Do we not see an example of this in summer blockbuster The Hunger Games? Where the life-threating, arduous journey of the Hunger Games lets the winners lead a life of luxury as opposed to the workaday squalor they earlier lived in? And aren’t our Indian Institute of Technology colleges a similar type of lottery – which allow us to paradoxically believe that inequalities can be overcome, only if one works hard enough? The corollary here is that if you don’t work hard enough to win the lottery, you don’t deserve the same luxuries that IIT graduates receive. The subsequent evolution from the IITs and NITs to the life of a rich IT engineer only substantiates the IIT-IT syndrome.
The miracle that the IITs and the IT industry are to India’s growth story, however, indirectly comes at the expense of marginalizing a great part of our population. IIT’s are our island of excellence, as my colleague Vasudha Venugopal (quoting a senior editor) put so succinctly in one column, “we must pamper them”!
Well..if we have one, isn't that enough?
The existence of IIT’s has allowed a great number of Government officials, academics and our general population to relax. As long as we have a few colleges in the global top 50, is that not enough? I would argue, crazy as it sounds, that a thousand great colleges are better for development than seven supreme ones. Of course I realize that both can co-exist, that the presence of IITs need not hamper the development of the rest. But it has so sharply ingrained the idea that if you do not work hard enough to get into the 99 per centile, then you deserve whatever lot that life throws at you.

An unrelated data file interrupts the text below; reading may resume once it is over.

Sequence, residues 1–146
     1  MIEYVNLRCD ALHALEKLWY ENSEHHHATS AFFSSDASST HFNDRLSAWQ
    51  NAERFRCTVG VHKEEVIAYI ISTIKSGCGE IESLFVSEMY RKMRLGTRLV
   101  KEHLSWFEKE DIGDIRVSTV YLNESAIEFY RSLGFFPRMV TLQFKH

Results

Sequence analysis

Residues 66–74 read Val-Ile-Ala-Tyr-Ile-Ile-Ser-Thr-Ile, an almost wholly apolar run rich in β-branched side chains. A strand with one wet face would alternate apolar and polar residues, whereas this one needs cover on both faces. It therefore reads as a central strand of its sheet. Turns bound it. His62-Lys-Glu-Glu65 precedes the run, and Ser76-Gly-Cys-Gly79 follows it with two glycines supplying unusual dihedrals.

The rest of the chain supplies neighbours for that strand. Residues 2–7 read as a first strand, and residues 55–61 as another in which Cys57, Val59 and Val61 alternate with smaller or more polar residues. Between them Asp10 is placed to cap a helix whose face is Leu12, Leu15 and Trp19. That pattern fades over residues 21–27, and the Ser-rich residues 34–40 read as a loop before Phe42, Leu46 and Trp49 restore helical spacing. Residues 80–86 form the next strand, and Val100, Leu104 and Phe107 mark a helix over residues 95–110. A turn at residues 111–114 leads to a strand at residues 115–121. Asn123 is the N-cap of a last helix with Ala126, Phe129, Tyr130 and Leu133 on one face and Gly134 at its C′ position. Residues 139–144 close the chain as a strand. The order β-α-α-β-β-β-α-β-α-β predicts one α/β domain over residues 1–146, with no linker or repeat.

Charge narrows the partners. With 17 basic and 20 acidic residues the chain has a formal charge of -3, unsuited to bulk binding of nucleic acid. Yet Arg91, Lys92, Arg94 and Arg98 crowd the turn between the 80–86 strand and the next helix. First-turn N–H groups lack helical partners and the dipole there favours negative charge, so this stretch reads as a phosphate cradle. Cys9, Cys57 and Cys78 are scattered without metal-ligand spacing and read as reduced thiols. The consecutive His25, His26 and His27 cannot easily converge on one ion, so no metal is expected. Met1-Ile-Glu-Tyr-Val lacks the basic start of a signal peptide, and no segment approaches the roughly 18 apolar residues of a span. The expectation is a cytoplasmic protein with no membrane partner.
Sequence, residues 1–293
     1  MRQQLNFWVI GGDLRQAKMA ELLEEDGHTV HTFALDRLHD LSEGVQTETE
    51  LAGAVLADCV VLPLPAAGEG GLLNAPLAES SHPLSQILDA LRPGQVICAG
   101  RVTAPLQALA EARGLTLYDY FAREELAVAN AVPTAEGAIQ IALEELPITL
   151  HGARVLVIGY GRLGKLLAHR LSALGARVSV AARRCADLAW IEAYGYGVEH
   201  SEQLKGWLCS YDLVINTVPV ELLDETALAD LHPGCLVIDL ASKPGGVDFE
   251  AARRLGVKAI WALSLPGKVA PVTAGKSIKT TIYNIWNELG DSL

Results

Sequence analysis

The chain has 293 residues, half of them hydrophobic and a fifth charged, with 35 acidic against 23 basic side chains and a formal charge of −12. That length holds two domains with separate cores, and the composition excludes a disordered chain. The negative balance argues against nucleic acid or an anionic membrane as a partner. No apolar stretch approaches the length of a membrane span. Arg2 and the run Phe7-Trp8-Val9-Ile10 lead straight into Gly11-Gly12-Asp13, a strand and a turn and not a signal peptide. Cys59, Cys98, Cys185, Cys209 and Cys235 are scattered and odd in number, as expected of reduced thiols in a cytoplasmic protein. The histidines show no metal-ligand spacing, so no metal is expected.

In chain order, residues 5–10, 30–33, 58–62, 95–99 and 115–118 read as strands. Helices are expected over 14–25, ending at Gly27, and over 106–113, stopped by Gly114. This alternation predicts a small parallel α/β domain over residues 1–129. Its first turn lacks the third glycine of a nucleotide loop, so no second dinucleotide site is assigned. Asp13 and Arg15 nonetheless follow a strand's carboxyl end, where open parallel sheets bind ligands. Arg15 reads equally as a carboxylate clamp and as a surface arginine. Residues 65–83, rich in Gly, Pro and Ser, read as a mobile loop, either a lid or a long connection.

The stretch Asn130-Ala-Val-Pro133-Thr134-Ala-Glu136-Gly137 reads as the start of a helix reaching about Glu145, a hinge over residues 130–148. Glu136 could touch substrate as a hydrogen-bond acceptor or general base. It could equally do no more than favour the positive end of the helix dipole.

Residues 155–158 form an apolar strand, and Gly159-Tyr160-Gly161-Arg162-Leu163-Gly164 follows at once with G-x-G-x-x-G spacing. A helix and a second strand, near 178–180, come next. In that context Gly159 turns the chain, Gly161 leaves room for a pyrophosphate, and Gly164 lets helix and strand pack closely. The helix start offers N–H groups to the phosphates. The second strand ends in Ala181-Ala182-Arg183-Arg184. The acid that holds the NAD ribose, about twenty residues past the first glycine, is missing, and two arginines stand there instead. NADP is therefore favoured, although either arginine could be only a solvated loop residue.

At this point I can hear the forthcoming comments screeching angrily: “So what? So what if the IIT-IT syndrome exists, and that left liberals are looking to help society? Is that not a good thing?”
Ah, but here we come to the existence of technological exploitation that so cleverly hides beneath the mask of social entrepreneurship and humanitarianism that people like Azim Premji use. Corporate philanthropy has become the buzzword of today–sparked by Messrs Gates and Buffet—with several Indians jumping the bandwagon.
Premji, who is the founder of Wipro, signed the donation pledge to give away so much of his wealth, is an embodiment of technological exploitation. In order for him to help people and give away all his wealth—he must first take way, snatch, or in the words of the liberal left—create.
Much like the two faces of goddess Kali, which depict both beauty and ugliness, Premji on one hand destroys overseas businesses with his exploited army of cheap labour and on the other gives away his money to the poor. (You could argue that the labour would have no job otherwise, but what happens when they get sick of cheap wages and poor treatment—and demand more?)